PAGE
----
Firstly, there is probably a large swath of medium-sized commercial lines business where the economics simply do not justify the continued provision of brokerage advice and services on the same basis that this has been supplied in the past. Radically different operating models will be required, probably leveraging some of the learnings from the banking world, which has also had to evolve its service model. There is probably an opportunity for AI and robo-advice based models, such as are increasingly being seen in the wealth management world. At one level, this will favor those brokers with large retail/affinity/SME customer bases and strong brands that can leverage existing practices and infrastructure up the value chain. But it also potentially suggests a rich seam of opportunity for disruptors armed with weapons-grade analytics and innovative distribution strategies.

Secondly, when it comes to larger, international companies or non-standard, more complex risks, the importance of the trusted broker relationship is not going to change. In fact, as I have argued elsewhere, the world’s greater uncertainty and volatility makes that very simple, human, trust-based relationship more important than ever. Insurers will continue to pay for this distribution — they have no choice. And new entrants, who think that a roomful of MIT graduates and a piece of smart tech can dislodge a 20-year relationship forged in the white heat of a ugly claim, will find out the hard way how wrong they are. In this part of the market, they are far better served focusing on providing solutions to back-end operational efficiencies and supplying discrete tools and services.

However, what is likely to change is what the client’s trust-based relationship with the broker is built on. Being able to navigate your way around a wine list, procuring Center Court tickets at Wimbledon and being an excellent transactional broker may have been enough to win and retain business in the past but just won’t cut it in the future. Clients now need a far more holistic, technical and analytically based approach to helping them understand, manage and mitigate their exposures. The placement will become a hygiene factor for most, if indeed it isn’t already.

The challenge for the brokerage community — and by extension for the sustainability of trusted relationships with clients — is whether brokers are equipped to meet their client’s rapidly shifting requirements from either a capability, a tools or an organizational perspective.

Many brokers simply don’t have enough people with the highly technical, analytical and consultative skills that they need if they are to provide the advice that their clients are increasingly likely to require. This implies the need for a far more strategic and thoughtful approach to long-term resource planning to ensure that people with the right sort of qualifications and attributes are being attracted to the organization and the right sort of skills developed in those who are already there. Some of their people will be able to make the necessary transition to this new world; others, sadly, won’t. And while this may create a short-term opportunity for some players to attract displaced talent and, with them, their loyal clients, over the longer term they are likely to end up saddled with the cost but without the income, unless they, too, can acquire or build these skills.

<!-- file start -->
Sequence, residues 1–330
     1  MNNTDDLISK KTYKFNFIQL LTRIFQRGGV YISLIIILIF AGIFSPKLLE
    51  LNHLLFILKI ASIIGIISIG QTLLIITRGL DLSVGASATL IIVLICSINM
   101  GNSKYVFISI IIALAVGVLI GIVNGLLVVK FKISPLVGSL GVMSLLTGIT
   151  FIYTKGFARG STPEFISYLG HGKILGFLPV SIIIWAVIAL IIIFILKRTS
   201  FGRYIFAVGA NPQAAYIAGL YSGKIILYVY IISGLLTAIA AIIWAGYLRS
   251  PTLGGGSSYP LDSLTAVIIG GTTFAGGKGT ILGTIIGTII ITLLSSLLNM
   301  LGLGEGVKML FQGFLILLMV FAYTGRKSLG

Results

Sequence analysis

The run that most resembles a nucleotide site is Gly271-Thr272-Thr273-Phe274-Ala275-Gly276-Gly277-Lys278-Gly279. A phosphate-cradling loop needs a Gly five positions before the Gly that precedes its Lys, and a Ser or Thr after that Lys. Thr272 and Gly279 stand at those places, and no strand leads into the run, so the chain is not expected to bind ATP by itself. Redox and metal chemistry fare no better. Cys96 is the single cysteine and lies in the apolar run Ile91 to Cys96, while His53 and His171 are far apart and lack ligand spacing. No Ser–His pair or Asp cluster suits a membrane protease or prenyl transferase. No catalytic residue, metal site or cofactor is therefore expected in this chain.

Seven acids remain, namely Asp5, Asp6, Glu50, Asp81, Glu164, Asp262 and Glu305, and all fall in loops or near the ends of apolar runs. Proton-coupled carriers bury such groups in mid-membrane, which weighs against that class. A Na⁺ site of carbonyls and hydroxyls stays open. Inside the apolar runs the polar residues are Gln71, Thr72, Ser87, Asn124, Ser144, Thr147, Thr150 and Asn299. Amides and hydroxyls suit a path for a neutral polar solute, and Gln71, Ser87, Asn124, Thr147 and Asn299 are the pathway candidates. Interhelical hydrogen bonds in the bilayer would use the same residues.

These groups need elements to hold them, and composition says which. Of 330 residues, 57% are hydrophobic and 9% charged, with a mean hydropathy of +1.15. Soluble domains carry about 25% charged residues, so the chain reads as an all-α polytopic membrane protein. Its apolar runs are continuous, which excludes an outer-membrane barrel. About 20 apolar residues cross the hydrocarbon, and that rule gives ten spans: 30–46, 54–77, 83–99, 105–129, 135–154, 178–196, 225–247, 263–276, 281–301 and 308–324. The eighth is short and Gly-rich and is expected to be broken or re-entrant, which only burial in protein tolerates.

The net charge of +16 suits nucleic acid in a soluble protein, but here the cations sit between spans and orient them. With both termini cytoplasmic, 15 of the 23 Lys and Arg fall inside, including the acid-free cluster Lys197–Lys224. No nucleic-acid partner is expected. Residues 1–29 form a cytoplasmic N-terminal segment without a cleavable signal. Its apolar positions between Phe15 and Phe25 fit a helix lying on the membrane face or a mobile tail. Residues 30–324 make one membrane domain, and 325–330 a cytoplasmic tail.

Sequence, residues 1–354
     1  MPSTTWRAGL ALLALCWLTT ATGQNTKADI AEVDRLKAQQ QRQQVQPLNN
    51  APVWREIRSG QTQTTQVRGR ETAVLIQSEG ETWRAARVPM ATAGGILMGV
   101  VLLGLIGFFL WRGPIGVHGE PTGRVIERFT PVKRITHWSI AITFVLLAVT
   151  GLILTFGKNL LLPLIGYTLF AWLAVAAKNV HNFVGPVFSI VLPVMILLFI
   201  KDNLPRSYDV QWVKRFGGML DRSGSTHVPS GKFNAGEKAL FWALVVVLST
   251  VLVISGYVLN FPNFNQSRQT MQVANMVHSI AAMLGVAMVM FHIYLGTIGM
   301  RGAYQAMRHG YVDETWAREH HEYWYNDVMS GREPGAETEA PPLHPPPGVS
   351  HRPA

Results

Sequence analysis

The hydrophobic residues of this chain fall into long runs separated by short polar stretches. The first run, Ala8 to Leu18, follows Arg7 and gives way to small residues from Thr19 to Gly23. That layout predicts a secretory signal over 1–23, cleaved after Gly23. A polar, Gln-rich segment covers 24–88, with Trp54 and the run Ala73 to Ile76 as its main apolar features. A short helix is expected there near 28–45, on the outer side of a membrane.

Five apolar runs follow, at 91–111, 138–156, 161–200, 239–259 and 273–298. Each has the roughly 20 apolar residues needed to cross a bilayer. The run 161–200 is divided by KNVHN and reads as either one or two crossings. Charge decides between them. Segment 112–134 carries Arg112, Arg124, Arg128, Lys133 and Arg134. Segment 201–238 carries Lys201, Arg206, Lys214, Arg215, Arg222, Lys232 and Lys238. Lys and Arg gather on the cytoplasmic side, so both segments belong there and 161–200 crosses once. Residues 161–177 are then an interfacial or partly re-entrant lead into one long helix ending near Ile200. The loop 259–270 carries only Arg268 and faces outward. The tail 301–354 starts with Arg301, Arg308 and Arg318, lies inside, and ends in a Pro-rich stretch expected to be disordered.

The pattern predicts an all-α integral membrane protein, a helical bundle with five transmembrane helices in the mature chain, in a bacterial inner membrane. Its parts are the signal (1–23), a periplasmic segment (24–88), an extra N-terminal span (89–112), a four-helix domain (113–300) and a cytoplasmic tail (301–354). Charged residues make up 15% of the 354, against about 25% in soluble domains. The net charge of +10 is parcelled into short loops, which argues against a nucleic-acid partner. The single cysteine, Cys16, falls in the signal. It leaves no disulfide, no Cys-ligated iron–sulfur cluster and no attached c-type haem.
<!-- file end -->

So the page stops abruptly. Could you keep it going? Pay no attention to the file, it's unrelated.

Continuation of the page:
With this change in capabilities comes a potential change in organizational design, as brokers will need to go from wearing all sorts of hats as they typically do today — sales rep, relationship manager, program designer, placement expert, claims fixer etc. — to acting as a sort of overall risk adviser who then brings in expertise and tools, drawn from specialized teams, as and when they are required. This, in turn, implies quite a significant cultural shift for many brokers, who often guard their client relationships jealously and are wary of exposing them to a colleague who might screw things up.

I realize that for many this sounds like absolute heresy, and no doubt some players will seek to make a virtue of their brokers continuing to operate across a broad front. But to me it feels like an almost inevitable consequence of the world’s increasing complexity and the impossibility of any one person having the depth or range of technical expertise needed if they are to meet their clients’ evolving needs. It can surely be no coincidence that almost every single other professional services industry has evolved in this way?

The real complexity is that this will be an evolutionary change, as the technical and analytical demands of clients in different classes and different parts of the world and even within the same classes and parts of the world will vary. This implies that the successful brokers will be those who can effectively operate two models in parallel, as they mirror their clients’ own evolution.